One last detail. In the event of a death of a senior parent, carefully consider the safety of the surviving parent. When preparing the obituary, don’t list “preceded in death by or survived by.” As much as we want friends and relatives to know the family, scammers search diligently through obituaries looking for any information they can use. Do not place a wreath on the door, or allow the funeral home to place street markers that say, “Slow Funeral”.  This is an open invitation to scammers and burglars.

*Have food deliveries made by one individual as opposed to a number of persons. The less attention drawn toward the surviving parent the safer they are.

*Be sure someone stays at the home when the family is making arrangements or attending the funeral. Have someone who can answer the phone over allowing an answering machine. This shows there are people in the home rather than an empty house.

It’s a sad state of affairs when children have to go to these extremes to protect aging parents. However, this is the world we live in today. Thieves think nothing of the age or situation an individual may be in. Their only desire is to obtain as much cash as quickly as possible. Take time to insure these steps and protect your aging parents from harm and scams that can not only destroy them financially, but also bring physical harm.


Golden Years, Cherished Memories

MemoriesAging, for most, is a harsh realization. One day you’re in your prime the next you wake up older, a bit gray…a little slower. Time has suddenly slipped past. Somewhere between active and early morning stiffness, the line between middle age and elder blurred.

Albums line  bookshelves and walls  are covered in generations of photos that leave nail holes and dusty shadows on the paint.

I recently installed an emergency alert button for an aging friend’s mother.  Once the unit was installed I pulled the button from the box. My friend’s mom stood staring at her living room wall covered in family photos.

“Here’s your button. Just slip it over your head and wear it 24/7.” Her stare deepened and I could tell she’d not heard me. “You okay?” I asked.

She jerked. “Oh, I’m sorry. I was just looking at my family.”

“And they’re a beautiful family.” For the next half hour the woman pointed to photos sharing the relationship and sweet stories about each one. Before I knew, we were on the coach thumbing through old photos of her husband during World War II. For this woman, her walk through the family albums were bathed in the richness of cherished memories.

There is more to our elderly than creaking bones and sagging skin. In them we find our history. Our connection to what once was…different times, stronger values, ethics that seem to have slipped away from younger generations. Wisdom. Strength. The ability to seek out hope in a time when hope seemed fleeting. These are moments, we as baby boomers need grasp  and hold.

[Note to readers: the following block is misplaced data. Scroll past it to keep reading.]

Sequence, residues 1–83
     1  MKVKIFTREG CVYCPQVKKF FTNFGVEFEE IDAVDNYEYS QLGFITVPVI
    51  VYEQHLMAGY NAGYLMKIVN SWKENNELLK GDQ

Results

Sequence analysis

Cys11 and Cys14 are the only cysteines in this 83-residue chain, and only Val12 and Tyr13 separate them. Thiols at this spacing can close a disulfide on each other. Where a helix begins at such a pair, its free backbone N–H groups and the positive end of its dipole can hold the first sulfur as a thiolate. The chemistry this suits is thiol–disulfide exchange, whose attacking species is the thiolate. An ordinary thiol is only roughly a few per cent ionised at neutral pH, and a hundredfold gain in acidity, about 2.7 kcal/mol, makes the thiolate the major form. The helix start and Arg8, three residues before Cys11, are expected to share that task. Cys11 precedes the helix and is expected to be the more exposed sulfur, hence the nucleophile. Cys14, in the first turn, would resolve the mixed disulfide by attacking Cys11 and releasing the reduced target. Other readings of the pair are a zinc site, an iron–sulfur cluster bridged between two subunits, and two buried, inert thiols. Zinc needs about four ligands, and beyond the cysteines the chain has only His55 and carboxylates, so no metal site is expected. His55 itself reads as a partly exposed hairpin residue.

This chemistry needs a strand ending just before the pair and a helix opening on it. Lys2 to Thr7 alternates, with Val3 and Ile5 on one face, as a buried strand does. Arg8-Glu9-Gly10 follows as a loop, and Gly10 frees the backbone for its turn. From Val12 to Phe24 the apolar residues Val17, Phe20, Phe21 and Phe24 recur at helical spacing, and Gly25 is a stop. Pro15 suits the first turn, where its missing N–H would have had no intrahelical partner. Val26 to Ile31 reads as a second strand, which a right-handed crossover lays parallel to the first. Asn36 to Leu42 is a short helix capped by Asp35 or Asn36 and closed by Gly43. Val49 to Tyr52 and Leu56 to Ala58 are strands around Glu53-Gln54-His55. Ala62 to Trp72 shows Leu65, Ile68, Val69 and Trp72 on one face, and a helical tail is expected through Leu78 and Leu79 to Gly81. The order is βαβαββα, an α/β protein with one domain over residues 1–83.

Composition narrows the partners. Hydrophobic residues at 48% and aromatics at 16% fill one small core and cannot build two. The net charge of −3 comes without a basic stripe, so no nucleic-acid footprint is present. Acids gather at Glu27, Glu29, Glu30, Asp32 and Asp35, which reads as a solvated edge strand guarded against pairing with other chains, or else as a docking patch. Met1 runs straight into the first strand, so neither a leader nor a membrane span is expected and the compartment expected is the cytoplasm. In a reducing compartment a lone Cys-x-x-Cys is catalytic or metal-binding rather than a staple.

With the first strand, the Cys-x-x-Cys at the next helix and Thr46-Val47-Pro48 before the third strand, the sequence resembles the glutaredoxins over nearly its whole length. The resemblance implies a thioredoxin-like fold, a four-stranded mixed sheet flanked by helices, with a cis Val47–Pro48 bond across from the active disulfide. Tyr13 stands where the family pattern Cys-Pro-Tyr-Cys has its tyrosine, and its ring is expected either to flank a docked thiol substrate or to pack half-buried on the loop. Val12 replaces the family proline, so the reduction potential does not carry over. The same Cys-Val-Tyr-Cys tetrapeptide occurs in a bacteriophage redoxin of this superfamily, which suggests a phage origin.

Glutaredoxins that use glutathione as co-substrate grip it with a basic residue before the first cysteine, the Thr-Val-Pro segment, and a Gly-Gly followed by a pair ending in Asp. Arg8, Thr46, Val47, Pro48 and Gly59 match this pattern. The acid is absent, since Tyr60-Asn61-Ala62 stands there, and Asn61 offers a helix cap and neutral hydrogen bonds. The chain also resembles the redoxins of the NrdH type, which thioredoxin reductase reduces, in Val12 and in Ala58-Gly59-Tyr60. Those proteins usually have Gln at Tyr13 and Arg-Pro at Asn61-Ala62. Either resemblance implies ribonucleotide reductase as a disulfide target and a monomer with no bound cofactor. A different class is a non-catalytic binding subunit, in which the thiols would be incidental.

Our world pushes us into an extensive busyiness, that in turn, forces us to allow the valuable moments found in our aging parents to slip past. We are their legacy, their contribution to the world.

Take time and enjoy the richness found in your parents and grandparents. If you are fortunate enough to still have great grandparents, then do not let the opportunity pass to know the little things about them. Your life will be blessed and your appreciation for them and their struggles will become real. In the midst of the dusty photos, you’ll find the deep love and sacrifice our seniors have made so our lives are better.

Our parents and grandparents deserve the best. Care for them as such.

There’s No Place Like Home

Photo courtesy

Photo courtesy

When Dorothy clicked her ruby slipper heels together and coined the phrase, “There’s no place like home. There’s no place like home,” I doubt she realized its implications. Especially when it concerned aging parents.

I try my best to remember my grandmother and her stubbornness to allow her children to care for her in any other way besides her own. She begrudgingly allowed her eldest daughter to bring her to “visit” a few days a week, but Grandma’s intention was to be at home. There’s no place like home.

Despite the hardships and frustration Grandma’s children faced while trying to care for her, she had a plan and no one would veer her from it. She’d die at home…her home. In her bed. With her blankets and pillows.

The fact is, this eldercare issue rings true with well over half of all aging parents and their baby boomer caregivers.  According to the American Association of Retired Persons (AARP), “nearly 90% of seniors want to stay in their homes as they age…” Today’s terminology refers to this as “aging in place.”  The AARP continues by stating, “only a few express a preference for moving to a facility (9%) or for moving to a relative’s home (4%). There’s no place like home.

This desire isn’t that unreasonable. Who of us, when given a choice, would choose any place other than our home to live out our life? Our aging seniors have earned the right to choose their place but what happens when health dictates the future?